Keywords: geographical clusters, industrial districts, innovation, technological transfer, shipbuilding industry.
    JEL: L22 O32 L62
    Date: 2009–05
  9. By: Tanaka, Tomomi; Camerer, Colin; Nguyen, Quang
    Abstract: This paper compares the social norms of distributive transfers within village communities in the north and south of Vietnam by analyzing household survey and experimental data. The results of household data analysis show private transfers flow from high-income households to low-income households in the south where social safety net is limited. In contrast, private transfers do not correlate with pre-transfer income in the north where public transfers are more widespread. In addition, public transfers crowd out private transfers in the north. We conducted trust game in both regions and found consistent results. People in the south are more altruistic toward the poor: they send more to the poor without expecting higher repayment. This pattern is consistent with the idea that private norms of redistribution from rich to poor are active in the south but are crowded out in the north, possibly by communist public institutions, although we observe a strong overall positive effect of communism on reciprocity in the north.
    Keywords: Field experiment; Trust; Vietnam
    JEL: D81 D64 C93
    Date: 2009–07–07
  10. By: Martti Vihanto (Department of Economics, Turku School of Economics)
    Abstract: Social institutions are persistent regularities in contracting and other relations amongst men and in the unintended consequences of such rule-like behavior. They include morality and law as well as institutions of governance such as branding and advertising. Institutions are studied in all approaches and schools of economics, and each involves its peculiar emphases. The purpose of the paper is to give an overview of the forms, importance and working of social institutions by taking examples from decision making of consumers. Use is made in particular of the findings of transaction-cost, evolutionary and behavioral economics. The paper is part of a Finnish open access textbook Principles of Institutional Economics in progress (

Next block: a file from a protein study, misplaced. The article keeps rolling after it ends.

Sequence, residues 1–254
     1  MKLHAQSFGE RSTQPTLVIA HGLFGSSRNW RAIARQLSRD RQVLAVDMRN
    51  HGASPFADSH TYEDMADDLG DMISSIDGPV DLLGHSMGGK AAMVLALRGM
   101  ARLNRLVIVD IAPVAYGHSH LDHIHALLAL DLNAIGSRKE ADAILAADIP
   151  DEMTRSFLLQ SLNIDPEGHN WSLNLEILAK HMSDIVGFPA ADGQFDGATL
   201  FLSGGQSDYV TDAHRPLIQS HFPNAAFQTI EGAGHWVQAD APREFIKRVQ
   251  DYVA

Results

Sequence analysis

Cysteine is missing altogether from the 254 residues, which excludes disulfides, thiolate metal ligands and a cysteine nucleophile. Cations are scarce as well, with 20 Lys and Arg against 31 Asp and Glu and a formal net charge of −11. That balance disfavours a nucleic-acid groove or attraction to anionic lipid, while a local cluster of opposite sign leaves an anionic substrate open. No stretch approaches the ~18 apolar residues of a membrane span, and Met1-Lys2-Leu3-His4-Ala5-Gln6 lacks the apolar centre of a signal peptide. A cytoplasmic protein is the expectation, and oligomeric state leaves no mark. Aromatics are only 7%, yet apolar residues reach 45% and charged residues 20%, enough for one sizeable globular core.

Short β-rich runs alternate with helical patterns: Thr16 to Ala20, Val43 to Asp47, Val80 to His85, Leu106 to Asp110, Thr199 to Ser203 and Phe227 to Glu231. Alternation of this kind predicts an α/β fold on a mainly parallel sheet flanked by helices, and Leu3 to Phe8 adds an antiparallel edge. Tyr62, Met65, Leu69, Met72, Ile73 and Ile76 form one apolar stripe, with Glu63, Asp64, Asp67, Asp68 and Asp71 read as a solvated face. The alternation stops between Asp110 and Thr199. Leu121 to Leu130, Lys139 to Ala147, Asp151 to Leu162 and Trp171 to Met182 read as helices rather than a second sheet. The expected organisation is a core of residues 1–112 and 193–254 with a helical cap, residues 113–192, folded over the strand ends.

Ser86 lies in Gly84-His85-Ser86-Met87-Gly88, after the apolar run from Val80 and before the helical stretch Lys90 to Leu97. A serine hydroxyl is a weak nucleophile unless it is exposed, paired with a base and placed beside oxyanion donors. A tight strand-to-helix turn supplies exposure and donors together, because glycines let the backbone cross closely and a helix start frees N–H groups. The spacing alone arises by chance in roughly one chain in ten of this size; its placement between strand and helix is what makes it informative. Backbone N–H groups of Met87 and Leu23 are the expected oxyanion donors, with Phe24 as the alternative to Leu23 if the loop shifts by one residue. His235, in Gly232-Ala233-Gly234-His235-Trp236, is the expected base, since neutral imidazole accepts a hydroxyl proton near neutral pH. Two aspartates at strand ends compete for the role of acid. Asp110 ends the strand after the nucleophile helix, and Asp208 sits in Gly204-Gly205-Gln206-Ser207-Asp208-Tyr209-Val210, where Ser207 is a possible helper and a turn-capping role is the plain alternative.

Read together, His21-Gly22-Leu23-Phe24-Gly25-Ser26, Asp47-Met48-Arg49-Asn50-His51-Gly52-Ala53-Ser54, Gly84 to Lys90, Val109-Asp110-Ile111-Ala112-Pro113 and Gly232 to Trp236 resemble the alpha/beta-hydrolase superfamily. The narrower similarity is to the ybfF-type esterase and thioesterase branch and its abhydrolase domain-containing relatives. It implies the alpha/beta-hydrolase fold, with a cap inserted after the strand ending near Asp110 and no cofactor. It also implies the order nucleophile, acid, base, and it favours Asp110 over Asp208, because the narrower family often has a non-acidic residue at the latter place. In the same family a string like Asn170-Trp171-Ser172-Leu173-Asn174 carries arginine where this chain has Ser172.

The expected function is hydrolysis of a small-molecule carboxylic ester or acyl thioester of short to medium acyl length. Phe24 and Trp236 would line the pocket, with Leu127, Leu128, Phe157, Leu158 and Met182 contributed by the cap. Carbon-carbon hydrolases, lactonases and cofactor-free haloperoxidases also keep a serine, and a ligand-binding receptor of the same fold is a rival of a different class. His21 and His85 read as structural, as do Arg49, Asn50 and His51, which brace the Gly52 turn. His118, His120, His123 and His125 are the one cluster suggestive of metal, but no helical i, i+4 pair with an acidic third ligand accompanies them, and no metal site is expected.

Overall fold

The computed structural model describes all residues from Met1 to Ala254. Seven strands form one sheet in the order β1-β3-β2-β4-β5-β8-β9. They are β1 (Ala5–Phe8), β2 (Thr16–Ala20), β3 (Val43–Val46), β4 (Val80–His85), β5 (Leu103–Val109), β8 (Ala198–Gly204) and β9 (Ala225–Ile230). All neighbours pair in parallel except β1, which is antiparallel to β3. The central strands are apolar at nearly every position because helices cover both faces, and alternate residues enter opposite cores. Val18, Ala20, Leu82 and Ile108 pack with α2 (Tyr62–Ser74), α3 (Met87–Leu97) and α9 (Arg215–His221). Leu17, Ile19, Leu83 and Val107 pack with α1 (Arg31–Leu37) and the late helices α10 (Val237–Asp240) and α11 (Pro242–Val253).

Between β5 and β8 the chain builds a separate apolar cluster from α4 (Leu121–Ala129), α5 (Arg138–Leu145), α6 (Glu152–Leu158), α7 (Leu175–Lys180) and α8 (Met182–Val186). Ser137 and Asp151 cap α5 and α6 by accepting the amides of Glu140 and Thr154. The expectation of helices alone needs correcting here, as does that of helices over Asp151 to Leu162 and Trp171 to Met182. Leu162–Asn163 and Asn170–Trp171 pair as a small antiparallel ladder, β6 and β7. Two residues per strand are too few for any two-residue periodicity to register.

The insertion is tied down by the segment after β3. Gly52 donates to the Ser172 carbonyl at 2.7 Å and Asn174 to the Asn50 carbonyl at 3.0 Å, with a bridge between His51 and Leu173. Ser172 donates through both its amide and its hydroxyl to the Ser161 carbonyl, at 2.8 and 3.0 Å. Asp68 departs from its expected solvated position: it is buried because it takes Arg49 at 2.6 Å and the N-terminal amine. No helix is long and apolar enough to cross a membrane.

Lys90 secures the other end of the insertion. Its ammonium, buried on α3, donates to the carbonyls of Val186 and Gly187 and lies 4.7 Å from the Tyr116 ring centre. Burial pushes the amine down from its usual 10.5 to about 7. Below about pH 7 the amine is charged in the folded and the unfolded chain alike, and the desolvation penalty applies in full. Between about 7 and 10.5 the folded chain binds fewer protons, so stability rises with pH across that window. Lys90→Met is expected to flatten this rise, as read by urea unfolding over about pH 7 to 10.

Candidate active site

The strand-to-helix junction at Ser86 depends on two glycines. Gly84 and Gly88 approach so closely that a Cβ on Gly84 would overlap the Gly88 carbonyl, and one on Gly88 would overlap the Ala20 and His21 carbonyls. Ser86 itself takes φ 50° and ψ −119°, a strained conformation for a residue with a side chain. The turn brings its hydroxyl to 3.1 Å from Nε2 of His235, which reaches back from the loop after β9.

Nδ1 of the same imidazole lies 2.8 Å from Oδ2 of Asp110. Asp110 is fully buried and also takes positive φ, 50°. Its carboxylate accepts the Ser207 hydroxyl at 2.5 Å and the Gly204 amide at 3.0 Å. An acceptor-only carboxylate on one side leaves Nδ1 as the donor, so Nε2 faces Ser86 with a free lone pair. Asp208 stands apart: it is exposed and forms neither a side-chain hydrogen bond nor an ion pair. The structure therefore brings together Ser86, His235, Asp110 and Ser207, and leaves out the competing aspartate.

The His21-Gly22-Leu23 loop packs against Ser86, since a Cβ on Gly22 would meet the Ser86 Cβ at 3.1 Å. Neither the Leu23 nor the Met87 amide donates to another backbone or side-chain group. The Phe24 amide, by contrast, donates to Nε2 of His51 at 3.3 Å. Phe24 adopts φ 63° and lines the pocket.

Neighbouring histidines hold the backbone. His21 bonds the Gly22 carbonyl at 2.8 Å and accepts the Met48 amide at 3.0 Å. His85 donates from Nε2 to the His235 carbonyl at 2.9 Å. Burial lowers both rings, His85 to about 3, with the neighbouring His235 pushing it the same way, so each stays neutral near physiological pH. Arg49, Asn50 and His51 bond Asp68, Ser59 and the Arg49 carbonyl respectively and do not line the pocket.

Keywords: social institutions, institutional economics, transaction costs, heuristic behavior
    JEL: B52 D11 D02
    Date: 2009–05
  11. By: Krafft Jackie (GREDEG (Groupe de Recherche en Droit, Economie et Gestion)); Quatraro Francesco (University of Turin); Saviotti Paolo (Unité Mixte de Recherche GAEL (Laboratoire d'Economie Appliquée de Grenoble))
    Abstract: This paper applies the methodological tools typical of social network analysis within an evolutionary framework, to investigate the dynamics of the knowledge base of the biotechnology sector. Knowledge is here considered a collective good represented as a co-relational and a retrieval-interpretative structure. The internal structure of knowledge is described as a network the nodes of which are small units within traces of knowledge, such as patent documents, connected by links determined by their joint utilisation. We used measures referring to the network, like density, and to its nodes, like degree, closeness and betweenness centrality, to provide a synthetic description of the structure of the knowledge base and of its evolution over time.Eventually, we compared such measures with more established properties of the knowledge base calculated on the basis of co-occurrences of technological classes within patent documents. Empirical results show the existence of interesting and meaningful relationships across the different measures, providing support for the use of social network analysis to study the evolution of the knowledge bases of industrial sectors and their lifecycles.
    Date: 2009–07